Page:Dictionary of National Biography volume 40.djvu/271

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Swallow, p. 294). He had borne the greater part of the cost of the great screen of Dorsetshire stone behind the high altar, begun in 1372 and finished before 1380, which is still called the Neville Screen (Greenwell, p. 71; Swallow, p. 296; Dugdale, i. 296). Neville was the builder of the greater part of Raby Castle as it still exists. He got a license to castellate and fortify it from Bishop Hatfield on 10 May 1378 (but cf. Swallow, p. 272; J. P. Pritchett in Journal of British Archæolog. Assoc. 1886). He also obtained, in 1381 or 1382, a royal license to crenellate his house at Sheriff-Hutton, close to York, but probably left most of the work to his son and successor, Ralph Neville, afterwards Earl of Westmorland (Dugdale).

Neville was twice married: first, to Maud Percy, daughter of Henry, lord Percy (d. 1352), and aunt of the first Earl of Northumberland; and, secondly, to Elizabeth, only daughter and heiress of William, lord Latimer of Danby in Cleveland. Neville had already issue by her when, in 1381, he received livery of her inheritance. She afterwards married Robert, fourth lord Willoughby de Eresby (d. 1396), and died on 5 Nov. 1395 (Dugdale; Surtees, History of Durham, iv. 159).

By his first wife Neville had two sons—(1) Ralph III, sixth baron Neville of Raby and first earl of Westmorland [q. v.]; (2) Thomas, who married Joan, daughter of the last Baron Furnival, on whose death, in 1383, he was summoned to parliament as Thomas Neville ‘of Hallamshire,’ though generally called Lord Furnival (Nicolas, Historic Peerage). He was war-treasurer under Henry IV, and died in 1406, and his only child, Maud, carried the barony of Furnival to John Talbot, afterwards the great Earl of Shrewsbury.

The daughters of the first marriage were: (1) Elizabeth, who became a nun in the Minories, outside Aldgate, London; (2) Alice, married to William, lord Deincourt, who died on 14 Oct. 1381; (3) Mathilda, who married William le Scrope; (4) Iolande or Idina (Swallow, p. 34); (5) Eleanor, married Ralph, lord Lumley, slain and attainted in 1400. A sixth daughter is mentioned in his will.

By his second wife Neville had a son John, who proved his age in 1404, and was summoned to parliament as Baron Latimer until his death in 1430. He sold the Latimer barony to his eldest half-brother, the Earl of Westmorland (Dugdale).

Surtees adds a daughter Elizabeth, married to Sir Thomas Willoughby, third son of Robert, fourth lord Willoughby de Eresby (d. 1396).

[Rotuli Parliamentorum; Rymer's Fœdera, original and Record editions; Lords' Report on the Dignity of a Peer; Galfrid le Baker, ed. Maunde Thompson; Chronicon Angliæ, 1328–88, and Registrum Palatinum Dunelmense, in Rolls Ser.; Chandos Herald's Black Prince, ed. Francisque-Michel; Froissart, ed. Luce (to 1377) and Kervyn de Lettenhove; Chronique du bon Duc Louis de Bourbon, published by the Société de l'Histoire de France; Wills and Inventories, ed. James Raine for the Surtees Soc., vol. i.; Surtees's History of Durham, vol. iv.; Swallow's De Nova Villa, 1885; Dugdale's Baronage; Segar's Baronagium Genealogicum, ed. Edmondson; Nicolas's Historic Peerage, ed. Courthope; Beltz's Memorials of the Order of the Garter; Barnes's History of Edward III; Selby's Genealogist, iii. 107, &c.]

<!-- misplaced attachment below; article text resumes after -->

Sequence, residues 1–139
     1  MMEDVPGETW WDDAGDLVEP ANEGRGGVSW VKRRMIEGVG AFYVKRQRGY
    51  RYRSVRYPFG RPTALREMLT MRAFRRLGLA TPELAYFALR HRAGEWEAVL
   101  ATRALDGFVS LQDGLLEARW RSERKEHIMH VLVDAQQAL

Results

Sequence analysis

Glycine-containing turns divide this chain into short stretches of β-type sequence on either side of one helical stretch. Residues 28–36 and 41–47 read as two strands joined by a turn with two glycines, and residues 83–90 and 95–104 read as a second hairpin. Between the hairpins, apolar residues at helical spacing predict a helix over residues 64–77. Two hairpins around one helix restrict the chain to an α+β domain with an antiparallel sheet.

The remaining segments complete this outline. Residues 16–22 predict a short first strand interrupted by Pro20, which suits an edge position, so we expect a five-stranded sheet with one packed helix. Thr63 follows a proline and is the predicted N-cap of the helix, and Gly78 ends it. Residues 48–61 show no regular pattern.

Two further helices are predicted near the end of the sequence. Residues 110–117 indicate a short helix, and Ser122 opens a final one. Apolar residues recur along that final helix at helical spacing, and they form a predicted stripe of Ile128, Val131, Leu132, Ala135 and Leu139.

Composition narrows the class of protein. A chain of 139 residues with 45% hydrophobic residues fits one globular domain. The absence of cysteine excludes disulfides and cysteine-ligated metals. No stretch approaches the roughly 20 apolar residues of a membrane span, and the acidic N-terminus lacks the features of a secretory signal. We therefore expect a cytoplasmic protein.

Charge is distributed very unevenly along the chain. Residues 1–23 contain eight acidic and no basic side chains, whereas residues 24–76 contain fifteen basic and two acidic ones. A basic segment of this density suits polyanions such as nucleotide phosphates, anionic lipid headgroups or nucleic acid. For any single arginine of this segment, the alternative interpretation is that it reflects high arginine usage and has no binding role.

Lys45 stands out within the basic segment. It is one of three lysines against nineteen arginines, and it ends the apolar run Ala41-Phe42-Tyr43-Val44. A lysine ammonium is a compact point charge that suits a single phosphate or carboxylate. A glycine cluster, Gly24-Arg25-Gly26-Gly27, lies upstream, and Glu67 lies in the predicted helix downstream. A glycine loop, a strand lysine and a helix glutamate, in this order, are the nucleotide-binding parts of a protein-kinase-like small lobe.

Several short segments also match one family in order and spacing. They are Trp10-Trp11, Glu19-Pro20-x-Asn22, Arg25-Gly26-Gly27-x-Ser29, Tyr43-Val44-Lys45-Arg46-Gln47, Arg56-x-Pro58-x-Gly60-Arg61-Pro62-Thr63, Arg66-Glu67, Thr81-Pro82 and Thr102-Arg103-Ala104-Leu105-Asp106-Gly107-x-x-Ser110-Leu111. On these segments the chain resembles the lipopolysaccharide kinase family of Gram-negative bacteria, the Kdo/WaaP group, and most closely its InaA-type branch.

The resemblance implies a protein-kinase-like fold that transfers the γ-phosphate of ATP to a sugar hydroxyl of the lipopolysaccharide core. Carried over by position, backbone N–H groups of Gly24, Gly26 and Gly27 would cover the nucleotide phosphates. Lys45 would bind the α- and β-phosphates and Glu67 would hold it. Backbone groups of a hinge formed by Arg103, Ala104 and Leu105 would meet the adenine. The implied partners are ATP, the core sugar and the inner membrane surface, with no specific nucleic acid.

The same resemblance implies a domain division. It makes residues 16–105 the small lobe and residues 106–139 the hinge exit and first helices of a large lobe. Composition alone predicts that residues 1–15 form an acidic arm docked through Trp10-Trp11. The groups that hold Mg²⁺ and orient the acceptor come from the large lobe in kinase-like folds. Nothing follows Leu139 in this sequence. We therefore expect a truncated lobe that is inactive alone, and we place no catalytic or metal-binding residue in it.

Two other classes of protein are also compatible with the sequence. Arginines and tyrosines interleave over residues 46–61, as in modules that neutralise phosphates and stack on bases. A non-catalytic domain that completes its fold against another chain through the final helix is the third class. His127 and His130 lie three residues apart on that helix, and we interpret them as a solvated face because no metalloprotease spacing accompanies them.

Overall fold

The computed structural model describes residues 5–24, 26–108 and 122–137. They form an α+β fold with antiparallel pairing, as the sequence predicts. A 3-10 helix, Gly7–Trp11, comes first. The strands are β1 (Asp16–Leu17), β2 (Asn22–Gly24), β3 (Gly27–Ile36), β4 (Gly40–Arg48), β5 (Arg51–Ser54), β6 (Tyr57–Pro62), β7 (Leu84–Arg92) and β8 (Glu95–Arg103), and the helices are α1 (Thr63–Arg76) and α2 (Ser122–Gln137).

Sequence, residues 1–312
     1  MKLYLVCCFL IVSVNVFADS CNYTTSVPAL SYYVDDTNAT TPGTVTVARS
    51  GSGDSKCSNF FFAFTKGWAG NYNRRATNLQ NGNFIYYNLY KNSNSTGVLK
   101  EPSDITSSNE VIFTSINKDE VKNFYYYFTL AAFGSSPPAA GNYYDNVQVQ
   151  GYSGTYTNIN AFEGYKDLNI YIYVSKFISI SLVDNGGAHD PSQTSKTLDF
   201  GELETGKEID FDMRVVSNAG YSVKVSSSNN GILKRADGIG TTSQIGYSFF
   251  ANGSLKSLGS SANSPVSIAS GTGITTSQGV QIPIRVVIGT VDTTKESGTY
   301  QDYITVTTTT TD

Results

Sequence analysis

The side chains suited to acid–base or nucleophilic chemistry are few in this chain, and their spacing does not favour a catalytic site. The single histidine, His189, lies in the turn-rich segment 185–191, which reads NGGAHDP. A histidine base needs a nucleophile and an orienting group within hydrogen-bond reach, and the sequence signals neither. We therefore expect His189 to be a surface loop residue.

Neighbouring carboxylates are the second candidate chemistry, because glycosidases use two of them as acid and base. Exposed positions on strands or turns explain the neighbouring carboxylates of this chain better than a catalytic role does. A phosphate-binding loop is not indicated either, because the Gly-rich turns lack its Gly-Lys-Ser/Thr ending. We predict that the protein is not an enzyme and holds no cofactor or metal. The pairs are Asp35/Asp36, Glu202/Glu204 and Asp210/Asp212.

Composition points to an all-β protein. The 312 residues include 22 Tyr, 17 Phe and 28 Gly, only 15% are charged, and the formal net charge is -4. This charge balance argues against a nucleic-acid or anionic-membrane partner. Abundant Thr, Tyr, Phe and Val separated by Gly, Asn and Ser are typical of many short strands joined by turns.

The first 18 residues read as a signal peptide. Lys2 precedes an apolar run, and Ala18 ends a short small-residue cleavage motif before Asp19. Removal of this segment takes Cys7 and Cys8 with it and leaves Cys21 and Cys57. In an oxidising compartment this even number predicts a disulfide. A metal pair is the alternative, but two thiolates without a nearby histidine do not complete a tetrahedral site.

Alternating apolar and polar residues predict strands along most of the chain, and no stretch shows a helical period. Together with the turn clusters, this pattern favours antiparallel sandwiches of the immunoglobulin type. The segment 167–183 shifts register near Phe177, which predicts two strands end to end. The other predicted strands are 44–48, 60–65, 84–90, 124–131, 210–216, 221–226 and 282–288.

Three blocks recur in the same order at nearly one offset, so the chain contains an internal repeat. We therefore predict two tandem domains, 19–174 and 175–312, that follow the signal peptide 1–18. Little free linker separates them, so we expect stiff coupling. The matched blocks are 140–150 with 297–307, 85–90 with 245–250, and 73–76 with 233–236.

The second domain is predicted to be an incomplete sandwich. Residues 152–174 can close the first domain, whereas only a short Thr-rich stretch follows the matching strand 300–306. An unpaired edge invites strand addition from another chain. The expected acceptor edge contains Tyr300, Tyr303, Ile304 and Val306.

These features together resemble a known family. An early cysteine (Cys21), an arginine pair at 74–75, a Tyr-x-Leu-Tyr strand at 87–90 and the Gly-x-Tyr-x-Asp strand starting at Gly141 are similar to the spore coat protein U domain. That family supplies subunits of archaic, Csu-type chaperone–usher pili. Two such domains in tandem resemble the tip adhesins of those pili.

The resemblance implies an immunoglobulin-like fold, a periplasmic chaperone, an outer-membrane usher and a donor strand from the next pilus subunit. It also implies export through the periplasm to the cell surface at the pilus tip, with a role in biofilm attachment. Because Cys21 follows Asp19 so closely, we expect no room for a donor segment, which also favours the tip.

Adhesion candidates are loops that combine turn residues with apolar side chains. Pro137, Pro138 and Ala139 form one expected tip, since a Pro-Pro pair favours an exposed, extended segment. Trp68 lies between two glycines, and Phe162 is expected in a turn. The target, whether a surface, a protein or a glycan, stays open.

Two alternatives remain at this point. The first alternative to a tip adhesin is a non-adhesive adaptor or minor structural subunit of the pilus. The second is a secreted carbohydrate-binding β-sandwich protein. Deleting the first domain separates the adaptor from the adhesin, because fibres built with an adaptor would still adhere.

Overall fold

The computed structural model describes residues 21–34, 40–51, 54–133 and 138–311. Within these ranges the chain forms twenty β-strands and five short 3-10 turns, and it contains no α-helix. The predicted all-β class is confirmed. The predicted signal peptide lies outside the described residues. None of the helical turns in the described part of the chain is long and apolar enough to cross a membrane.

J. T-t.

NEVILLE, JOHN, Marquis of Montagu and Earl of Northumberland (d. 1471), third son of Richard Neville, earl of Salisbury [q. v.], and Alice, daughter and heiress of Thomas de Montacute or Montagu, fourth earl of Salisbury [q. v.], was born between 1428 and 1435. His brothers, Richard Neville [q. v.], ‘the king-maker,’ and George Neville, archbishop of York [q. v.], are separately noticed. At Christmas 1449 Neville was knighted by Henry VI at Greenwich, along with his elder brother Thomas and the king's two half-brothers, Edmund and Jasper Tudor (Worcester, p. 770). He played a prominent part in 1453 in those armed conflicts between the Nevilles and the Percies in Yorkshire, which William Worcester (ib.) afterwards described as ‘initium maximorum dolorum in Anglia,’ the true beginning of the civil war. He and Lord Egremont, third son of the Earl of Northumberland, were the leaders of the rival clans, and seem to have paid little attention to the orders sent down by the royal council commanding them to ‘disperse the gatherings of our subjects ready to go to the field, as by credible report we understand ye dispose fully to do as it were in “land of werre”’ (ib.; Ord. Privy Council, vi. 141, 161; see also under Richard Neville, Earl of Salisbury). When the Duke of York a few months later became protector and made the Earl of Salisbury chancellor of England, he came down to the north in May 1454 and put an end to the disturbances for a time (Ramsay, Lancaster and York, ii. 177). But they broke out again in July 1457, after York had been ousted from the control of the government which he had gained by his victory at St. Albans. The two factions fought a battle at Castleton, near Guisbrough, in Cleveland, and the Nevilles won a complete victory, John Neville carrying off Lord Egremont and his brother Richard Percy to his father's castle of Middleham in Wensleydale (Fabyan,